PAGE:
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The National Education Association-Alaska has filed suit against the administration of Gov. Walter E. Hickel, charging that some state retirees are being treated unfairly by the Teachers Retirement System and the Public Employees Retirement System.

The lawsuit, filed Sept. 25 in state superior court, charges that some younger retirees have been denied cost-of-living increases similar to those received by older retirees; that retirees older than age 65 are paying more in premiums but receiving fewer medical benefits; and that the administration has "arbitrarily" denied cost-of living increases to some retirees even though the retirement plans are financially sound.

"The retirement programs are being administered in a way which discriminates on the basis of age," charged Don Oberg, president of the N.E.A.-Alaska, which represents some 7,000 classroom teachers and support staff members in the state.

An official of the state's division of retirement and benefits said last week that he and other state officials had not yet seen the lawsuit and could not comment on it.

The Iowa Board of Education is considering a rule that would prohibit high-school athletes from playing on nonschool teams composed of more than one of their school teammates and coached by their school coaches.

Under the proposal, for example, a girl who wanted to play on her school's basketball team could attend a summer basketball clinic. But she could not participate in a scrimmage if more than one other member of her school team played in the game or if the summer coach was her school's coach.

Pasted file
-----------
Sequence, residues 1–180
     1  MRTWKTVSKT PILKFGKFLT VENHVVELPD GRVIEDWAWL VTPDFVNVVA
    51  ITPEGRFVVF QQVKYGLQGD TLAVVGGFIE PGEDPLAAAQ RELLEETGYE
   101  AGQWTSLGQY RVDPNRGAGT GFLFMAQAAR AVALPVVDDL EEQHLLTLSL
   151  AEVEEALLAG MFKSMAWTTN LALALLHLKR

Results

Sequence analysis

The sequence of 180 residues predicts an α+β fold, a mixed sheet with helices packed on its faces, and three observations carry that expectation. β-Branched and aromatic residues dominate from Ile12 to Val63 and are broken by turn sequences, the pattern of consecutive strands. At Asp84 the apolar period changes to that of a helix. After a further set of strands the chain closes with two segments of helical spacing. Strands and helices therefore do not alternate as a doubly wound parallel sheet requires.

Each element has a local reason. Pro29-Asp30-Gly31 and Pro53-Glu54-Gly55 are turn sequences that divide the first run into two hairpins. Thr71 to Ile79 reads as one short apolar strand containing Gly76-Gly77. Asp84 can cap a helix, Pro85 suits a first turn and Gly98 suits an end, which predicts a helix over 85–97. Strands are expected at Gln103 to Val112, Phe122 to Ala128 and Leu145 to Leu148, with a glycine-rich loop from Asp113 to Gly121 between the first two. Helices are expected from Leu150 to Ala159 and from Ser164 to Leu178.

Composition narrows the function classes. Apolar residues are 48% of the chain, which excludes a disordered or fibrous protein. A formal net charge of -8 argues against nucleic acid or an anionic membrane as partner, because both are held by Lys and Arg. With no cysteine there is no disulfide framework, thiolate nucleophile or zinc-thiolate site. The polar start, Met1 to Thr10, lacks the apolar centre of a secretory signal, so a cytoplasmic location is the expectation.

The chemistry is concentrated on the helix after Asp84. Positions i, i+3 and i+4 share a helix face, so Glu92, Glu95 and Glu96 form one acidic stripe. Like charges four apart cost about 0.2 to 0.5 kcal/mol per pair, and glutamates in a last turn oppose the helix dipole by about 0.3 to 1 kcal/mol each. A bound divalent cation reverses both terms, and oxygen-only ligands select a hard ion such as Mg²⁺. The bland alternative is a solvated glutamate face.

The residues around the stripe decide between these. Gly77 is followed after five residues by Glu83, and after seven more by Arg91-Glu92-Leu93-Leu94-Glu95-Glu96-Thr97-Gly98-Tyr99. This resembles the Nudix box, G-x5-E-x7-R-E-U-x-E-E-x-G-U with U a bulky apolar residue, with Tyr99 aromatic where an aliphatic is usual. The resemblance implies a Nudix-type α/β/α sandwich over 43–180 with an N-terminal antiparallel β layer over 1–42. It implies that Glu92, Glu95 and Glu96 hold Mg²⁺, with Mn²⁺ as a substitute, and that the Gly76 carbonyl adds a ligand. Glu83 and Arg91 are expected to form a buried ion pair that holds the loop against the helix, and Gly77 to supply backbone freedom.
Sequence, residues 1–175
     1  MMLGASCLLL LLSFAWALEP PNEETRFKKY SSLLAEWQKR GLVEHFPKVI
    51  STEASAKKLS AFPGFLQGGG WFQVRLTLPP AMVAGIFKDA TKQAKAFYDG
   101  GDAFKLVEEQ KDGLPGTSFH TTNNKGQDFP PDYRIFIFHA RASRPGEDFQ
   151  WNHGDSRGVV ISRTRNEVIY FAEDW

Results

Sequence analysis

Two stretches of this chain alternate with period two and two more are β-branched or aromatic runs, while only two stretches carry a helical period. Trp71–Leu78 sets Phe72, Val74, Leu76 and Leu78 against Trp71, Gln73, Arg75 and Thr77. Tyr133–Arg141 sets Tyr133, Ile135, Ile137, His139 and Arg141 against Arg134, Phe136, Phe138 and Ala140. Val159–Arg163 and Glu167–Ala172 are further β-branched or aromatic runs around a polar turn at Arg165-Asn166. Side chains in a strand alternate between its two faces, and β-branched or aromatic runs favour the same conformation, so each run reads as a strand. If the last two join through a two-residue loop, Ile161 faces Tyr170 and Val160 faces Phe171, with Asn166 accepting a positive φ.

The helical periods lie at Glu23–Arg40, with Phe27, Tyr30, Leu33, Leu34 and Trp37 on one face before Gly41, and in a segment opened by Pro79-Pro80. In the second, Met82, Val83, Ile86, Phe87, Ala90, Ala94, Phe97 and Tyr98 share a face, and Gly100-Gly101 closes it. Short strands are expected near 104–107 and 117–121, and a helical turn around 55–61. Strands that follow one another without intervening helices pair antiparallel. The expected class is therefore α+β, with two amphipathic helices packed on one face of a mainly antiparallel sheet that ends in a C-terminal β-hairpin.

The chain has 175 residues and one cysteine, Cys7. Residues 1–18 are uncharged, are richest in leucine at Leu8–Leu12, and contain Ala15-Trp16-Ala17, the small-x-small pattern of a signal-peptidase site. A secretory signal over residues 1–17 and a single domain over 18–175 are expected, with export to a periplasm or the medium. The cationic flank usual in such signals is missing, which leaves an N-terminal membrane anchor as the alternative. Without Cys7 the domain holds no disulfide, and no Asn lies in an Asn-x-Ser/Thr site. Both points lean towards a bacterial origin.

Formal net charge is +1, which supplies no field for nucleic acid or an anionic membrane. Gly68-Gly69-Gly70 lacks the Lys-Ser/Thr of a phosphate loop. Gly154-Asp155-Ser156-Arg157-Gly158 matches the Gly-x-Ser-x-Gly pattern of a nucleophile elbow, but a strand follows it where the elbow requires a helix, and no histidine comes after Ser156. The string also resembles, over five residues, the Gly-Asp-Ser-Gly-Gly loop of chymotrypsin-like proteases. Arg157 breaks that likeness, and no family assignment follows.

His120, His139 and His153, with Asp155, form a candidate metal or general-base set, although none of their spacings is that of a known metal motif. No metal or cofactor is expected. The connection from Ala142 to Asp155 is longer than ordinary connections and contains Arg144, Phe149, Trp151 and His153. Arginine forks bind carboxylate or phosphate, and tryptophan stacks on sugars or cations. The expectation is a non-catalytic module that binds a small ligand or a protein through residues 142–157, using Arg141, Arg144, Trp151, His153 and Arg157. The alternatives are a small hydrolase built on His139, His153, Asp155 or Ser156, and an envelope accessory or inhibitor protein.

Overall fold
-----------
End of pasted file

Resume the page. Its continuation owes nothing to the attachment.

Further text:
Proposed for the 1992-93 school year, the rule changes would prevent coaches and teams from using the summer for team practice and would enable more teenagers to participate in a variety of sports, according to Kathy Collins, a legal consultant for the Iowa education department.

"The whole idea is to keep sports in perspective," Ms. Collins said.

But some groups have expressed opposition, including the Iowa American Legion. "All of our Legion baseball teams are basically the high-school teams," said Jim Demarest, the group's state adjutant. "It would just kill Legion baseball in Iowa.

State education officials have extended the public-heating process from the typical one day session in Des Moines to three evening hearings at various sites across the state.

A decision is expected in mid-December at the earliest.

A politically conservative group in Arkansas has filed suit to block the distribution of condoms to students in state-funded school clinics.

The Family Council, in a suit filed in Pulaski County court last month, said the distribution of condoms in state-funded school clinics is a violation of a 1991 state law that prohibits the use of state funds to buy or distribute condoms in public schools. Currently, 3 of Arkansas's 20 comprehensive school-based clinics distribute contraceptives.

Officials at the state health department said that only federal and private monies are earmarked for the condom-distribution program.

Vol. 11, Issue 06, Page 2

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